There’s no one test, so diagnosis includes ruling out other conditions. If your doctor thinks you might have MND, they will refer you to a brain and nervous system specialist (neurologist). They will diagnose you based on your history, a physical examination and some specialised tests. These may include a needle test called electromyography (EMG), an electrical impulse test called a nerve conduction test, transcranial magnetic stimulation (TMS), MRI scans and blood tests.
How is motor neurone disease treated?
There is no cure for MND, so treatment is aimed mainly at relieving the symptoms and making you feel more comfortable. Medications can be used to help with symptoms such as muscle cramps, constipation, drooling and muscle twitching. There are also various aids to help you with breathing problems, communication difficulties and swallowing difficulties.
Recently, a medicine called riluzole (also called Rilutek) has become available in New Zealand for people with ALS. It is not suitable for everyone. Trials in people with this type of MND have shown an increase in survival of approximately 3 months. Riluzole does not stop the disease but slows its progress slightly.
MND is a complex disease, with people experiencing different symptoms, to a lesser or greater extent. To help you better manage your condition, it’s important to get advice from various health professionals such as your GP, specialists, physiotherapists, occupational therapists, speech and language therapists, nurse specialists and district nurses, dietitians and counsellors.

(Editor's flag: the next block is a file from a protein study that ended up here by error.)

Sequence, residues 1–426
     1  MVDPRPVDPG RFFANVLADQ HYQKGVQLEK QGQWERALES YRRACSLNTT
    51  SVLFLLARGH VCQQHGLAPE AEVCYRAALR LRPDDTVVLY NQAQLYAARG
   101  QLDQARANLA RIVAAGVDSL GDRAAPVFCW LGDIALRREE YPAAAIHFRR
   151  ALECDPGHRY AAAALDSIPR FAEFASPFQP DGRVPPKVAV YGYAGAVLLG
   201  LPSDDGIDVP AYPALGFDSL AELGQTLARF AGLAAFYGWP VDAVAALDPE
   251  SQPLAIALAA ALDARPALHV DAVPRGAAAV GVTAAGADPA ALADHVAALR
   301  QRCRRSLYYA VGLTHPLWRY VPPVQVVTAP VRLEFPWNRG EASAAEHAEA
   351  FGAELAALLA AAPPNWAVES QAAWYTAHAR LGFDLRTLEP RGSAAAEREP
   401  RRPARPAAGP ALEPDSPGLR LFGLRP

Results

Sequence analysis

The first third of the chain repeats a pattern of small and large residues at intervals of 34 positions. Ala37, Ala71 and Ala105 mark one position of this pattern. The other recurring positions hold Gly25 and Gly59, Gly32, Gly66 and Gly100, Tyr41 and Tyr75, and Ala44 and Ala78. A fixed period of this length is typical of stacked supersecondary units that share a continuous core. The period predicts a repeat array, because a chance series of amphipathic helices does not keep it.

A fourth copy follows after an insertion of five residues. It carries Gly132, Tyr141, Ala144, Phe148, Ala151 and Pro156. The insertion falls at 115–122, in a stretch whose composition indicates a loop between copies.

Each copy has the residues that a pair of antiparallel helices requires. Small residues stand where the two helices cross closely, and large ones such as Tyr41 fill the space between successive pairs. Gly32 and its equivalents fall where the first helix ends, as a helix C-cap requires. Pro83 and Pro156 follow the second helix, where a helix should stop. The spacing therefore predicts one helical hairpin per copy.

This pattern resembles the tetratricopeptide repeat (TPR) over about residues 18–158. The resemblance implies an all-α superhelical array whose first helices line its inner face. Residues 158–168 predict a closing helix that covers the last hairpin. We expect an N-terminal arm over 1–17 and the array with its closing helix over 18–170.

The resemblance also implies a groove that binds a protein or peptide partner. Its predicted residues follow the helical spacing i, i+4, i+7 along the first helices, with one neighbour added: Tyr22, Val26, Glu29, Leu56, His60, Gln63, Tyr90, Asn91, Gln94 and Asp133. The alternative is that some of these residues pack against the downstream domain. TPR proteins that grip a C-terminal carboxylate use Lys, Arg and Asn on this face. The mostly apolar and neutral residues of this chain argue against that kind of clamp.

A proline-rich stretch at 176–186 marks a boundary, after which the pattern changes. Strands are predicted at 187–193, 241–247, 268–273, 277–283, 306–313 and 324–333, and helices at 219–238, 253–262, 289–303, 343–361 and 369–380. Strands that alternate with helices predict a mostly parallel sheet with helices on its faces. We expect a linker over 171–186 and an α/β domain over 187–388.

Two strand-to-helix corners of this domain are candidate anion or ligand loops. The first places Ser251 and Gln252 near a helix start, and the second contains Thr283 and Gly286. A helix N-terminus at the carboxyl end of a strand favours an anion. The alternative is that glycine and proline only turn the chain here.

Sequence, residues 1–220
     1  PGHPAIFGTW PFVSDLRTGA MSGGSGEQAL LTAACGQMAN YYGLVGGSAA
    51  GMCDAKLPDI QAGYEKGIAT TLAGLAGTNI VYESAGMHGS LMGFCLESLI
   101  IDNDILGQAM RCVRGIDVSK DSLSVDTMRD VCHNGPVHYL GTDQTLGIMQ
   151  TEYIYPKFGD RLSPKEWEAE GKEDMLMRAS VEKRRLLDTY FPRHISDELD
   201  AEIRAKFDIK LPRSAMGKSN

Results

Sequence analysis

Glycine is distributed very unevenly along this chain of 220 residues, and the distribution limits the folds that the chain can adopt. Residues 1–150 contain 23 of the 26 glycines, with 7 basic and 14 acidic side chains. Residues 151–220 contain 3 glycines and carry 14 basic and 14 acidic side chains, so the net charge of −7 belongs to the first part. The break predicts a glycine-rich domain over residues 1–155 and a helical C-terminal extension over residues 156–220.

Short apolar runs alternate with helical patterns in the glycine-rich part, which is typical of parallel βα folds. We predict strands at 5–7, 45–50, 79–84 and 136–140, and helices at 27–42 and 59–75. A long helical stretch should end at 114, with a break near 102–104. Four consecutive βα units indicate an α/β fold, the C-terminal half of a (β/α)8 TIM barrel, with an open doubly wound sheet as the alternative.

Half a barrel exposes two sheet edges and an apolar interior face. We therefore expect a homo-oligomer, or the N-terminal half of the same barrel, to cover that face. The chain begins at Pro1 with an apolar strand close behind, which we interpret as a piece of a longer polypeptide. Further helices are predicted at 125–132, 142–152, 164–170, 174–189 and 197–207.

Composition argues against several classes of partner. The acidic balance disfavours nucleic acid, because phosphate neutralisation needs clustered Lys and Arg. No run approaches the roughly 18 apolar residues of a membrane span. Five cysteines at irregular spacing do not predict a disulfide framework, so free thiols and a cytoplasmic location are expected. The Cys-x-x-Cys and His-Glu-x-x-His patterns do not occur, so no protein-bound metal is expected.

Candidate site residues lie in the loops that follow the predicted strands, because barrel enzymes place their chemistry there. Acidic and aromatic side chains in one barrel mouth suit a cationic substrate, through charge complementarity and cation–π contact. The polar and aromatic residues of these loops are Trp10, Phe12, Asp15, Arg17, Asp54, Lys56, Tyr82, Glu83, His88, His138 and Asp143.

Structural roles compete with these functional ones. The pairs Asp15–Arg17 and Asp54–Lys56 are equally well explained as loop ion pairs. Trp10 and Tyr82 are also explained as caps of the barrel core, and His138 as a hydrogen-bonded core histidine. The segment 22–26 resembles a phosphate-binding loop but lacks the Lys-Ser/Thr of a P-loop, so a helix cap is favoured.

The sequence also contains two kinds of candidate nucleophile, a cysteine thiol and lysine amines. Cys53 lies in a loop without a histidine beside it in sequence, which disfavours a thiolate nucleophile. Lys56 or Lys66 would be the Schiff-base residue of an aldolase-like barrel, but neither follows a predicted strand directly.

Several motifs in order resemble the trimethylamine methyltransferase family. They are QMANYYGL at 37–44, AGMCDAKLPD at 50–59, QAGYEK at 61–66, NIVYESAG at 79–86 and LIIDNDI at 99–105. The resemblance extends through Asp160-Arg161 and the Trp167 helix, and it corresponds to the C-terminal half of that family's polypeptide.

What is the prognosis for people with motor neurone disease?
Most people with MND live for 20 to 48 months after symptoms begin. About 5–10% of people with MND live for 10 years or more, while about 3 years is the mid-point of life expectancy from when you first get symptoms.
How can I care for myself with motor neurone disease?
You are likely to feel grief and need emotional support as you come to terms with your diagnosis. It’s important that you seek support from family and friends, as well as from experts in MND (see Support section below). Being informed about MND is also an important way to support yourself to live as well as possible with the condition (see Learn More below).
What support is available for people with motor neurone disease?
Motor Neurone Disease New Zealand will support you to manage your condition. They will assign you a support worker to help you access the appropriate care so that you can live your life as fully as possible. Because MND is a life-limiting condition, palliative care will also be available.
The following links provide further information about MND. Be aware that websites from other countries may have information that differs from New Zealand recommendations.
- Motor neurone disease: Bringing the New Zealand patient onto the world stage NZ Medical Journal, Vol 128 No 1409: 20 Feb 2015
- Motor neurone disease evidence-based treatments: An overview MND Australia, 2012
- Motor neurone disease Neurological Foundation, NZ